In the Pitchfork review of Cliff’s album, Erin Macleod wrote that Jamaica, for its 50-year celebration as an independent nation, was choosing between the Shaggy-produced “On a Mission” and Mikey Bennett’s “Find the Flag” as its national song. “It’s too bad no one consulted Jimmy Cliff,” she wrote. Indeed, Rebirth is Cliff’s application, his audition. From “Reggae Music,” the tale of his first recording, to covering tracks by artists his music clearly influenced, Cliff asserts that he’s at the forefront of a musical style that defined Jamaica and allowed for the popularity of punk and ska (before Jamaican dub) in the United States and in the UK.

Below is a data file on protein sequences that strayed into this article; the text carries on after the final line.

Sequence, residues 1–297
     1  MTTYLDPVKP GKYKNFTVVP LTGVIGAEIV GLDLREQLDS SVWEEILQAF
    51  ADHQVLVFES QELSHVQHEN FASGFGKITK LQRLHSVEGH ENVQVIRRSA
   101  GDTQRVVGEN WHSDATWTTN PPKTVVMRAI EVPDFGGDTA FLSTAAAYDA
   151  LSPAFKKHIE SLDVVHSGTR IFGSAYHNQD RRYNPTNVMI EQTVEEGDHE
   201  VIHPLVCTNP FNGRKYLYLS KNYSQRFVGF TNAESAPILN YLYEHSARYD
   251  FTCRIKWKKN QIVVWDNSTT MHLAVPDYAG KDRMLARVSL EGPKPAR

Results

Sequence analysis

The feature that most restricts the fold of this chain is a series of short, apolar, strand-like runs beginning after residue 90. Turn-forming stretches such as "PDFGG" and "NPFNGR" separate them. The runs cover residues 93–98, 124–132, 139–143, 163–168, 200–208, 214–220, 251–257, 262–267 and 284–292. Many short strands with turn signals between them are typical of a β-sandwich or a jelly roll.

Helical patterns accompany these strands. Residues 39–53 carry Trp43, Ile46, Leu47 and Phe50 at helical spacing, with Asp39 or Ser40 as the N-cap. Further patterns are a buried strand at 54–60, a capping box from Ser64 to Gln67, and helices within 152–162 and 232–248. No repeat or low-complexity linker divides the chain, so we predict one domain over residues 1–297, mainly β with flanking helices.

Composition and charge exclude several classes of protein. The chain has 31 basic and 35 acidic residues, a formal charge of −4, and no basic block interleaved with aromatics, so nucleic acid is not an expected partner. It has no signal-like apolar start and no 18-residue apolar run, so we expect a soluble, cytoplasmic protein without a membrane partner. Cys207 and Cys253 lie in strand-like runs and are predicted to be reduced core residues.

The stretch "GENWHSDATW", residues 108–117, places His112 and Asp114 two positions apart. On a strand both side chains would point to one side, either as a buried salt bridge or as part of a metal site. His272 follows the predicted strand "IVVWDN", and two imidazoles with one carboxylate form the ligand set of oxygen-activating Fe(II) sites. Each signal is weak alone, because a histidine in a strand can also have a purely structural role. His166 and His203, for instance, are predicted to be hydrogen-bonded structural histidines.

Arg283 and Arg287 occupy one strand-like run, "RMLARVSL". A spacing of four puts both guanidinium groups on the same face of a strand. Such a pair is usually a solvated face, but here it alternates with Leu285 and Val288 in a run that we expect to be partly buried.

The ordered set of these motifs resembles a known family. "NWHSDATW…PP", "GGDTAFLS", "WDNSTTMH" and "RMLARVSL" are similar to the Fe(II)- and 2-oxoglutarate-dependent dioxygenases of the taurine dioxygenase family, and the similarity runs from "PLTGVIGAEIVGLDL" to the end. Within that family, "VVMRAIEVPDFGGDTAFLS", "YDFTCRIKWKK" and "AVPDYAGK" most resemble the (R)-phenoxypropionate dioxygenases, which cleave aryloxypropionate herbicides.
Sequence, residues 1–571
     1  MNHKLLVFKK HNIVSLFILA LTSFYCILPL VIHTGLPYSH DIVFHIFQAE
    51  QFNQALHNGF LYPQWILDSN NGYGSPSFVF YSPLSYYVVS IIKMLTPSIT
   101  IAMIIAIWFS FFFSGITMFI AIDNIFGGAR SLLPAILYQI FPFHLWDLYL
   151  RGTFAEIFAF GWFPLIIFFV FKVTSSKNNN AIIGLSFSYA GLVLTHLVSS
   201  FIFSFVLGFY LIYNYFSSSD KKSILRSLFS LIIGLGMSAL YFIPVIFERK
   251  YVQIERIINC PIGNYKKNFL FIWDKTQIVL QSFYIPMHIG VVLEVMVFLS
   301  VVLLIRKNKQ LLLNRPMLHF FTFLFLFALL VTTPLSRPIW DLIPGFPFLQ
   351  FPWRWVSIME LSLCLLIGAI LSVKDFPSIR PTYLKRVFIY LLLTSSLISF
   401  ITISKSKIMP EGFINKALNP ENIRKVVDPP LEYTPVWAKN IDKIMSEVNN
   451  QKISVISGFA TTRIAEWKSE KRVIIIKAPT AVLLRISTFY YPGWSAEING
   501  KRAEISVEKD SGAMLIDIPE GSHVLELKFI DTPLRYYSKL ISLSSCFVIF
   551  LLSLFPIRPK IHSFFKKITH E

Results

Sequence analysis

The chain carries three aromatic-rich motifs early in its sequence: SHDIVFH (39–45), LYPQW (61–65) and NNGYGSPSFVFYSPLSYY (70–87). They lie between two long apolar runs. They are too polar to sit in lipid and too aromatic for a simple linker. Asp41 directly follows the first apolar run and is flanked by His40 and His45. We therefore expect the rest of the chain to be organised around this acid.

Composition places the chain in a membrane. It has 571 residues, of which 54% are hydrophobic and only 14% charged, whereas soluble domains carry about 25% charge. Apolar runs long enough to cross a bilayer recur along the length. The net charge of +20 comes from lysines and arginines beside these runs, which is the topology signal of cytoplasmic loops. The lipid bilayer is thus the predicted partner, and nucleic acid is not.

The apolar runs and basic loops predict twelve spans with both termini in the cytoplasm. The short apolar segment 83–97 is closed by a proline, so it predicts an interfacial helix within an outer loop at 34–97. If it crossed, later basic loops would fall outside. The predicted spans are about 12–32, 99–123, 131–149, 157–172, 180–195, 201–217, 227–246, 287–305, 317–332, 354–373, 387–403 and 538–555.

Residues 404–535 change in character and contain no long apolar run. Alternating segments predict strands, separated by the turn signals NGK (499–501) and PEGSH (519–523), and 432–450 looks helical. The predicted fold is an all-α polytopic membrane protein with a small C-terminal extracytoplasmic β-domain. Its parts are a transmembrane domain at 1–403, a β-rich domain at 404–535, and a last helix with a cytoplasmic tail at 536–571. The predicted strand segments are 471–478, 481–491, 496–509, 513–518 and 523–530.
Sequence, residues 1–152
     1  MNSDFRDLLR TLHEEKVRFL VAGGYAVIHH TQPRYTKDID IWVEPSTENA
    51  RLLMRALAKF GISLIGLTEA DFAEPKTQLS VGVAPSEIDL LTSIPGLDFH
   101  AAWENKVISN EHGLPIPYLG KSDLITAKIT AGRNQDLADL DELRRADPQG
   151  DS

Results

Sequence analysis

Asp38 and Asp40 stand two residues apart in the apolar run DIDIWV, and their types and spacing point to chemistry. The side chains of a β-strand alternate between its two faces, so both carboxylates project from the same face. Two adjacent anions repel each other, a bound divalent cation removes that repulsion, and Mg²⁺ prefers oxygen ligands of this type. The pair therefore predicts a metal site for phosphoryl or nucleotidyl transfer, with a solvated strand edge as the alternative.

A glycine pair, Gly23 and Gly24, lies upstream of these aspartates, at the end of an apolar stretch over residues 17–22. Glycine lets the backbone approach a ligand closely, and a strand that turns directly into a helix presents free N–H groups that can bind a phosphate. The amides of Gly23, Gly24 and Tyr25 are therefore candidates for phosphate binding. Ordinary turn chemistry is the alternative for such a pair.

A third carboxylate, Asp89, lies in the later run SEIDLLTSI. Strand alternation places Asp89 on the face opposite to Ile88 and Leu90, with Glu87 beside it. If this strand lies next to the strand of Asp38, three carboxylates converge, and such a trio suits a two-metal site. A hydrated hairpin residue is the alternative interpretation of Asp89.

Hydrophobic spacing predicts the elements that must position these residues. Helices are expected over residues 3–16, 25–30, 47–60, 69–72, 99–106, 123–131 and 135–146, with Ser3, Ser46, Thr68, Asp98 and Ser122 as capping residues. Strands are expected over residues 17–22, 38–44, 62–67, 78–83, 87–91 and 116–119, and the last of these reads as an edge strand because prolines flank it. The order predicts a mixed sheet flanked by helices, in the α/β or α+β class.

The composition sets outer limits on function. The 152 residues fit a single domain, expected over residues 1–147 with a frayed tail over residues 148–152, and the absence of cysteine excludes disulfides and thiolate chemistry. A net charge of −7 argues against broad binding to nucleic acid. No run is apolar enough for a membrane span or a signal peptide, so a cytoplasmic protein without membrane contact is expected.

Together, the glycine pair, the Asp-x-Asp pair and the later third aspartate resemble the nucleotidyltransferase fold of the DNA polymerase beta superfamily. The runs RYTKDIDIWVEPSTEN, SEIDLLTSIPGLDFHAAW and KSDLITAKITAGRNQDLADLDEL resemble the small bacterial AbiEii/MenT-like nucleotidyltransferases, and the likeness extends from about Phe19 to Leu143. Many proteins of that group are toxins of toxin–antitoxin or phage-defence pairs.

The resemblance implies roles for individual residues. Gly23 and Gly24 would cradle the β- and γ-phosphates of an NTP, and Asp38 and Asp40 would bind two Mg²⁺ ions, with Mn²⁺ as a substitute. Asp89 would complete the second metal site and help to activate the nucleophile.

All of these artists provide a fascinating contrast to one slightly younger artist who put out a rather mediocre (but inevitably number one on the Billboard charts) album in 2012, but one that was literally supposed to capture the spirit of the times. His name would be Bruce. Wrecking Ball, his supposed Occupy Wall Street album whose generic lead track, “We Take Care of Our Own”, became the unofficial anthem of the Obama campaign, treads zero new territory for Springsteen. Perhaps this is a sign of history’s tendency to repeat itself rather than Springsteen’s lack of originality. Really, nobody would expect anything less from the forever-existential artist whose fans, especially politicians (from Reagan to Obama) often misinterpret his music to be blind allegiance to America rather than dissenting patriotism.